The economic costs associated with excess perinatal and maternal morbidity are substantial. They include the immediate costs associated with maternal hospitalization and neonatal intensive care and lifetime costs associated with care for chronic illness, rehabilitation, and special education. Although these costs might be offset by the productivity of individuals, the overall benefit to society is clearly greater when a singleton is born. Personal and familial nonfinancial costs of morbidity and mortality can also be significant.
A sense of urgency on the part of the patient may contribute to an increased risk of multiple gestation by prompting more aggressive treatment. Other contributors include limited health coverage, which creates a personal financial burden, and inadequate patient education about the risks of multiple gestation.
Strategies for limiting the risk of multiple gestation
Appropriate treatment goals are the foundation of risk-reducing strategies. For example, ovulation induction in women who have oligo-ovulation or anovulation should aim toward producing a single oocyte. These women tend to respond to lower dosages of ovarian-stimulation drugs than are typically given. Therefore, women undergoing ovulation induction should receive a lower dosage of gonadotropins and be monitored very carefully for the number of developing follicles and ovarian hyperstimulation syndrome.
In contrast, the goal of controlled ovarian stimulation in ovulatory women who have unexplained or age-related subfertility is to stimulate the development and ovulation of more than one mature follicle to increase cycle fecundity.
Regrettably, efforts have failed to identify estradiol levels and the specific size and number of follicles that prevent multiple gestation. The most likely reason is that follicular size cannot accurately predict the maturity of the oocyte within—follicles as small as 10 mm sometimes yield mature and fertilizable oocytes. Moreover, the population that undergoes ovulation induction or controlled ovarian stimulation is very heterogenous. Therefore, it is not possible to propose valid guidelines to reduce the rate of multiple gestation.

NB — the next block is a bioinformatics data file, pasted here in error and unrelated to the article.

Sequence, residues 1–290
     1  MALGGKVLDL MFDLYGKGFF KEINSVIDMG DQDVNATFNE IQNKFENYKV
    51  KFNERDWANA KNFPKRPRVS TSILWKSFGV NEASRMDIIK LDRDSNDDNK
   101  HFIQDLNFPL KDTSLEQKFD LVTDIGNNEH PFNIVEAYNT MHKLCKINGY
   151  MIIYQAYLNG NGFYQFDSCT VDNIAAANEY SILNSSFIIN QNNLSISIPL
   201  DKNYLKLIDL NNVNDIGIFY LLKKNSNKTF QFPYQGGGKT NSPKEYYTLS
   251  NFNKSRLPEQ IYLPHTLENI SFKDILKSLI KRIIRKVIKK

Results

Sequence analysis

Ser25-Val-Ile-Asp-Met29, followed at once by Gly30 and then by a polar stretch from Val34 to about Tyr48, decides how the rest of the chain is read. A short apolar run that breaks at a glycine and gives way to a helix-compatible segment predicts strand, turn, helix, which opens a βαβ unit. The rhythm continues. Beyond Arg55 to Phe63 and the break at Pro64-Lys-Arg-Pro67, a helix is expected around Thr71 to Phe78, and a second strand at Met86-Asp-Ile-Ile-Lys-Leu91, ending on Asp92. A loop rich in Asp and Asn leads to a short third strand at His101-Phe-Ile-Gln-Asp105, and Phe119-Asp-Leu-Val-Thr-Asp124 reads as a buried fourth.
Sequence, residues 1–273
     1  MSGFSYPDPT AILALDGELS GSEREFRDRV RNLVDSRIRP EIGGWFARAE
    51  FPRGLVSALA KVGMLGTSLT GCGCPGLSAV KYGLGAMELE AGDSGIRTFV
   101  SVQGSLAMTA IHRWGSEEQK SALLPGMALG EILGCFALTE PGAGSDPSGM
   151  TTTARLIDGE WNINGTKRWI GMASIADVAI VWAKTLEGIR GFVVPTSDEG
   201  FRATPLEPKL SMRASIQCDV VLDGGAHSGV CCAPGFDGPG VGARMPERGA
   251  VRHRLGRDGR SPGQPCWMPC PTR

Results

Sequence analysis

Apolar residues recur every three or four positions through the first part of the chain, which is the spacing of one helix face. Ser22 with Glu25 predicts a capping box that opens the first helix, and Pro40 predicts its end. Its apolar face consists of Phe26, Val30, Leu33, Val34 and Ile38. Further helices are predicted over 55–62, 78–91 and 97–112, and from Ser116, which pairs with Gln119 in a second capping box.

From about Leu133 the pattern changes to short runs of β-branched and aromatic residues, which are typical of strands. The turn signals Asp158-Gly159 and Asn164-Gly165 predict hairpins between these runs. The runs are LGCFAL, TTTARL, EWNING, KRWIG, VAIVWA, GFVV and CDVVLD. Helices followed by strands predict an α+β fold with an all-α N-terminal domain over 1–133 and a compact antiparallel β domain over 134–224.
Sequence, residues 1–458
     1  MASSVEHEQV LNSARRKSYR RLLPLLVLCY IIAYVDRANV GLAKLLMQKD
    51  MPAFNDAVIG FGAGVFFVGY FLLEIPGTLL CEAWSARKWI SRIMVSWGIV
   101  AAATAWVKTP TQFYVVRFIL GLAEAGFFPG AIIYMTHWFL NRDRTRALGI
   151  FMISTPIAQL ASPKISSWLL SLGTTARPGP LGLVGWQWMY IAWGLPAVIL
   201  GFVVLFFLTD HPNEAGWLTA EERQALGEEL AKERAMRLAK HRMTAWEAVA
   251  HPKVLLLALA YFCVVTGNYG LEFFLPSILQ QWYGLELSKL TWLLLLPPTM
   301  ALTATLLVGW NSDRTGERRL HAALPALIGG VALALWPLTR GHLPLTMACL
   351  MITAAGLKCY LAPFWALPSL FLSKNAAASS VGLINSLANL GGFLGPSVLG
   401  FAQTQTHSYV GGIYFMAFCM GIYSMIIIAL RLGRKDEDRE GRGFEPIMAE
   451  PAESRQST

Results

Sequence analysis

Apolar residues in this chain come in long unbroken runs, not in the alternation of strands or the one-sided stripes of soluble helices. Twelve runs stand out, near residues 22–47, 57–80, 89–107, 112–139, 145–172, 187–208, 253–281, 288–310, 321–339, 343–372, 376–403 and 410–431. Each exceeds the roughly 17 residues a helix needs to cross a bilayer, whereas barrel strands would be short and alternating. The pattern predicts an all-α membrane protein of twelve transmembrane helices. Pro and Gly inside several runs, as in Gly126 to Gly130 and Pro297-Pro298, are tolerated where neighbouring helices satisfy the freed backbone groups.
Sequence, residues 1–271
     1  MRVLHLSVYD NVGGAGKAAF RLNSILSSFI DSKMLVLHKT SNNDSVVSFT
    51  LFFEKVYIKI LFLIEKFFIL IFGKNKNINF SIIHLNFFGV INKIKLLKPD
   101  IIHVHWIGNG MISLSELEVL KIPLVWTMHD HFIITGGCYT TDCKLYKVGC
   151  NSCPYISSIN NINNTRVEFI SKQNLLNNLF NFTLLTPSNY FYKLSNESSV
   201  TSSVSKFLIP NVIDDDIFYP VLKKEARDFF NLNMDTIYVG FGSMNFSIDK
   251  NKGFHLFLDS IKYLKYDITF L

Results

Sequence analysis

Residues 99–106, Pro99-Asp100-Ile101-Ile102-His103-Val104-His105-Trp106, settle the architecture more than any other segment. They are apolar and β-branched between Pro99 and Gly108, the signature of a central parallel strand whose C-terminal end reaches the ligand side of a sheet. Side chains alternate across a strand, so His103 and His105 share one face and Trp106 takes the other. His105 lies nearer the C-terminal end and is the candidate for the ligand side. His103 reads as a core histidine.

Nevertheless, multiple gestation is sufficiently problematic that we recommend some strategies to reduce its incidence:
Use low-dosage gonadotropin stimulation with careful monitoring, and limit the number of follicles that are roughly 15 mm or larger to two in patients 37 years of age or younger; three in patient 38 to 40 years old; and more in patients older than 40
Develop specific cancellation criteria, which should be explained to and accepted by patients undergoing controlled ovarian stimulation. Gonadotropin-releasing hormone (GnRH) antagonists may be of benefit.1
When clomiphene citrate stimulates the development of two or more mature follicles, outcomes do not differ from those obtained with controlled ovarian stimulation using gonadotropins and intrauterine insemination (IUI).2 Therefore, a reasonable strategy in many patients is to consider initiating treatment with clomiphene citrate and IUI and to proceed directly to in vitro fertilization (IVF) when treatment fails, thereby avoiding controlled ovarian stimulation altogether.3
Pre-ovulatory ultrasonography-guided aspiration of excess follicles to reduce the risk of multiple gestation has potential benefit but needs further study.
Overall, regardless of the medication or regimen employed, it may not be possible to entirely eliminate the risk of multiple gestation associated with ovulation induction or controlled ovarian stimulation.
When to consider gestation reduction